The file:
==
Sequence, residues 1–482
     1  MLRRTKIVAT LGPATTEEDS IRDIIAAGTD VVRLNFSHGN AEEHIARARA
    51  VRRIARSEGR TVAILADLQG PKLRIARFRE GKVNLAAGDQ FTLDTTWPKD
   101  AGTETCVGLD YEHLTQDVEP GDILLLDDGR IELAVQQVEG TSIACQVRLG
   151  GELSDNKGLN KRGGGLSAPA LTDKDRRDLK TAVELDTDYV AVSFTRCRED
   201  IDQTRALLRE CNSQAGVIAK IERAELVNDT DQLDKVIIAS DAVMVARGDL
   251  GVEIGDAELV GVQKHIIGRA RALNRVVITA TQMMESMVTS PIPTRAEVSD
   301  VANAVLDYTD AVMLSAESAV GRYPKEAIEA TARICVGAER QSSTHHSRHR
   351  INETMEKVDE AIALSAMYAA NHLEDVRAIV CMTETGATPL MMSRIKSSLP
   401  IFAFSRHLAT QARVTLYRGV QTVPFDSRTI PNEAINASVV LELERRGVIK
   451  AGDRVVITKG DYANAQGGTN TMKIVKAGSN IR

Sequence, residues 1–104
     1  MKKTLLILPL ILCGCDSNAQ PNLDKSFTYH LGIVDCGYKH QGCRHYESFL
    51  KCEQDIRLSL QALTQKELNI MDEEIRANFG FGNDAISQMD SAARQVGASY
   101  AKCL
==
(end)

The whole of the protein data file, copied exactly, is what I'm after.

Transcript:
Sequence, residues 1–482
     1  MLRRTKIVAT LGPATTEEDS IRDIIAAGTD VVRLNFSHGN AEEHIARARA
    51  VRRIARSEGR TVAILADLQG PKLRIARFRE GKVNLAAGDQ FTLDTTWPKD
   101  AGTETCVGLD YEHLTQDVEP GDILLLDDGR IELAVQQVEG TSIACQVRLG
   151  GELSDNKGLN KRGGGLSAPA LTDKDRRDLK TAVELDTDYV AVSFTRCRED
   201  IDQTRALLRE CNSQAGVIAK IERAELVNDT DQLDKVIIAS DAVMVARGDL
   251  GVEIGDAELV GVQKHIIGRA RALNRVVITA TQMMESMVTS PIPTRAEVSD
   301  VANAVLDYTD AVMLSAESAV GRYPKEAIEA TARICVGAER QSSTHHSRHR
   351  INETMEKVDE AIALSAMYAA NHLEDVRAIV CMTETGATPL MMSRIKSSLP
   401  IFAFSRHLAT QARVTLYRGV QTVPFDSRTI PNEAINASVV LELERRGVIK
   451  AGDRVVITKG DYANAQGGTN TMKIVKAGSN IR

Sequence, residues 1–104
     1  MKKTLLILPL ILCGCDSNAQ PNLDKSFTYH LGIVDCGYKH QGCRHYESFL
    51  KCEQDIRLSL QALTQKELNI MDEEIRANFG FGNDAISQMD SAARQVGASY
   101  AKCL